As the news headlines regarding the current U.S. economy continue to improve, there is one area that is still feeling the squeeze from the recession years: K-12 public school spending. A report this month from the Center on Budget and Policy Priorities found that 34 states are contributing less funding on a per student basis than they did prior to the recession years. Since states are responsible for 44 percent of total education funding in the U.S., these dismal numbers mean a continued crack down on school budgets despite an improving economy.
In practical terms, these findings make sense. Property taxes pay much of public education costs and that revenue source is still low. Overall, the Center on Budget and Policy Priorities found that districts collected just over 2 percent lower on property taxes ending in March than in the year before. Furthering the problem is the fact that while states have been cut throat in reducing spending, they have not been as vigilant in raising revenue sources through taxes and fees.
Loss of federal aid to states is also a problem. Even if a state does not need emergency federal funds for specific education needs, they must use school money to cover the cost of natural disasters or other projects that are no longer receiving aid from the federal government.
In extreme cases, like in Philadelphia and Chicago, individual districts have had to tap into other money and reserves to cover the basics of public education in their areas. Take a look at some of the most-telling numbers from the CBPP report on school spending:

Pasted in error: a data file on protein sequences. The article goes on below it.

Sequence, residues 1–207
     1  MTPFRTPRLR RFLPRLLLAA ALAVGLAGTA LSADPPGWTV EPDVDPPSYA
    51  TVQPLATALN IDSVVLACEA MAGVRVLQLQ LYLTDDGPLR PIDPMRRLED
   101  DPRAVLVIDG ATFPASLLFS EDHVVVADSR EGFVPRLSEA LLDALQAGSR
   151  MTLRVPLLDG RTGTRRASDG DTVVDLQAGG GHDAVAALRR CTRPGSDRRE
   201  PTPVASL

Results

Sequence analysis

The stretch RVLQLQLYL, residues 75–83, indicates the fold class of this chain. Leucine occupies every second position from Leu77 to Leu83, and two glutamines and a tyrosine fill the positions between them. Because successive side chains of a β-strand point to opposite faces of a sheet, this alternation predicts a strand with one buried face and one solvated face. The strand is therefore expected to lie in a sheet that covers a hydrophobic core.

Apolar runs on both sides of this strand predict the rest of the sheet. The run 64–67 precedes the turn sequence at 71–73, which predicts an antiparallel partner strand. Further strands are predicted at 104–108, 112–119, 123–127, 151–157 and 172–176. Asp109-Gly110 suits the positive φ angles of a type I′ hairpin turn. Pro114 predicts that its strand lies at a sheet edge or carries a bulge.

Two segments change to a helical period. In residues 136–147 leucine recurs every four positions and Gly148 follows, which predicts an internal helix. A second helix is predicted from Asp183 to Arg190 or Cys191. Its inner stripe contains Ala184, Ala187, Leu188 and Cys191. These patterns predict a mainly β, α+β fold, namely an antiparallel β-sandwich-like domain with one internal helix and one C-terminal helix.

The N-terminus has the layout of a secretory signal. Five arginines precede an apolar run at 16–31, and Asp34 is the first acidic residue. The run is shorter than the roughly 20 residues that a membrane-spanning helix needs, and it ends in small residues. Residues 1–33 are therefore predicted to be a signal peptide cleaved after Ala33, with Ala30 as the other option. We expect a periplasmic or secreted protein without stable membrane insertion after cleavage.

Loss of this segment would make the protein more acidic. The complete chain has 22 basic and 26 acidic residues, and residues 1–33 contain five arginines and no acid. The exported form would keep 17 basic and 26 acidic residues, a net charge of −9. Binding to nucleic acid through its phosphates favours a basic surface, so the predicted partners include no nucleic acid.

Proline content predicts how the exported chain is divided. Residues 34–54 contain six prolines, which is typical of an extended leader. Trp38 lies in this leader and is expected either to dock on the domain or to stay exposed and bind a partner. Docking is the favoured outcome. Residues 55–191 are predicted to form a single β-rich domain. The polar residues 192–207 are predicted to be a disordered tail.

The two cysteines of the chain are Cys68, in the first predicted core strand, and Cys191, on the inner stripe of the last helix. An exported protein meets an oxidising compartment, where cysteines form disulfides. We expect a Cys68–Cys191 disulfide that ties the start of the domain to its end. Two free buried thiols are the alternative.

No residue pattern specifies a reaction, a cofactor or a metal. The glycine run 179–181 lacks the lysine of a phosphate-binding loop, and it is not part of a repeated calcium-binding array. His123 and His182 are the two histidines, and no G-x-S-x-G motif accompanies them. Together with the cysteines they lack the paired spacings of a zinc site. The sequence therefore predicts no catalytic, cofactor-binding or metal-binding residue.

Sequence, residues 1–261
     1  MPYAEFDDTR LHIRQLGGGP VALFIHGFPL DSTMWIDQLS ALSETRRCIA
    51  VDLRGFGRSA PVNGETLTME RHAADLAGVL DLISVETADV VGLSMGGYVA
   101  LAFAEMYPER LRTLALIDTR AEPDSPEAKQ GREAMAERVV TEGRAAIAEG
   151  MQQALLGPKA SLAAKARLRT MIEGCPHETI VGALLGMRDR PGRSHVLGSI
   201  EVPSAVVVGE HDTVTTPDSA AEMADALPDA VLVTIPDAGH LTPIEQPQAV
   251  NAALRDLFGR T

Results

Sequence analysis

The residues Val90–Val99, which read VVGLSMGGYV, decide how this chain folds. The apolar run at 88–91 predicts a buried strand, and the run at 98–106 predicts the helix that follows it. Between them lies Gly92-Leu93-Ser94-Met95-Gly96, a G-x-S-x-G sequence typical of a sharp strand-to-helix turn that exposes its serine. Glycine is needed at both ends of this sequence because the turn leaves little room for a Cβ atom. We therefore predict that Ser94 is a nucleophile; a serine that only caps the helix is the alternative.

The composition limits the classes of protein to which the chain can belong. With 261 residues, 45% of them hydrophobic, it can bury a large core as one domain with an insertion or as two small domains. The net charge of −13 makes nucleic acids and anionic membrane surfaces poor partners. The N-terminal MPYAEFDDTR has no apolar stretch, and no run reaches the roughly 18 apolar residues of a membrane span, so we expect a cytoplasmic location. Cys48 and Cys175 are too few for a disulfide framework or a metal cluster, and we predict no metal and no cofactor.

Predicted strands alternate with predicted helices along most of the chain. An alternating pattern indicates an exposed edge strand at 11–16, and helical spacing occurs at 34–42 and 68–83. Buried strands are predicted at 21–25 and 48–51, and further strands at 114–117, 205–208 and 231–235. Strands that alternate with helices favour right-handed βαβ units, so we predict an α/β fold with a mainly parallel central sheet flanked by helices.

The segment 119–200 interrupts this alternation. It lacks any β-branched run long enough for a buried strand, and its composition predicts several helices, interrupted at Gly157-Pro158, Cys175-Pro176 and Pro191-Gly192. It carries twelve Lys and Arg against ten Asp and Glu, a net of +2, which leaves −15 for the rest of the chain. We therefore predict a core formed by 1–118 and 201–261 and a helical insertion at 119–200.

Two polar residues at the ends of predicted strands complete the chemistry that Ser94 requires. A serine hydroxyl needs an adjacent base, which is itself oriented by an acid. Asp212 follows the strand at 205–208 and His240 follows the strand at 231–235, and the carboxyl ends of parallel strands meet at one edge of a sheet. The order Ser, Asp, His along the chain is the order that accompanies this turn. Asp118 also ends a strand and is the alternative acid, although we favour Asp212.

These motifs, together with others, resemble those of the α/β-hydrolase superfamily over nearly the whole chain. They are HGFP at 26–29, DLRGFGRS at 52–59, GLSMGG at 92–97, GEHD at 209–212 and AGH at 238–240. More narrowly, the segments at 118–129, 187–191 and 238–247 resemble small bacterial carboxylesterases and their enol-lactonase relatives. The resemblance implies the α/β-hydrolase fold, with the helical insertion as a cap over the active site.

• 14. This is the number of consecutive quarters state revenues have increased, despite stagnant or reduced school spending.
• 1.3. This is the percent that state funding fell for elementary and secondary schools from last school year.
• 20. This is the percent that Oklahoma and Alabama have sliced on student spending since the recession began in 2008.
• 13. This is the number of states, including Wisconsin and California, that have cut school spending budgets by more than 10 percent since the recession began.
• 72. This is the amount in dollars that New Mexico increased its per student spending for the current school year. It may seem like a bright spot, but barely dents the $960+ the state has cut per student in just the past five years alone.
• 20,100. This is the number of teaching jobs that were added in August - but that figure is still over 320,000 less than education jobs in 2008.
• 12. This is the percent that funding to low-income Title I schools has decreased since 2010, from $17 billion to $15 billion.
• 11. This is the percent that special education funding has been slashed since 2010, from $13.5 billion to $12 billion.
• 57. This is the amount of administrators that believe they will need to reduce class sizes this school year to offset budget cuts.
• 16. This is the number of states that cut pre-K educational per student funding in the 2011 - 2012 school year and 27 had to reduce enrollment numbers.
What do the numbers all mean?
The fact that state revenues are on the upswing but K-12 spending is still at recession-levels is disheartening. It seems that a reprioritization needs to take place in the 34 states that are still in the red when it comes to per student spending today as opposed to 2008. Less state spending on education certainly affects the learning experience but it also impacts other areas of the economy. Unemployed teachers and administrators have less to pump back into the economy and the viscous cycle of K-12 underfunding is furthered.
If we cannot fully fund our public schools how can we expect things like the achievement gap to close or high school graduation rates to rise? It was understandable that budgets had to be slashed when the bottom dropped out of the economy but now that we are in a more stable place, it is time to get back to funding what matters most: the education of our K-12 students.
Why do you think that per student spending is still falling?
The opinions expressed in Education Futures: Emerging Trends in K-12 are strictly those of the author(s) and do not reflect the opinions or endorsement of Editorial Projects in Education, or any of its publications.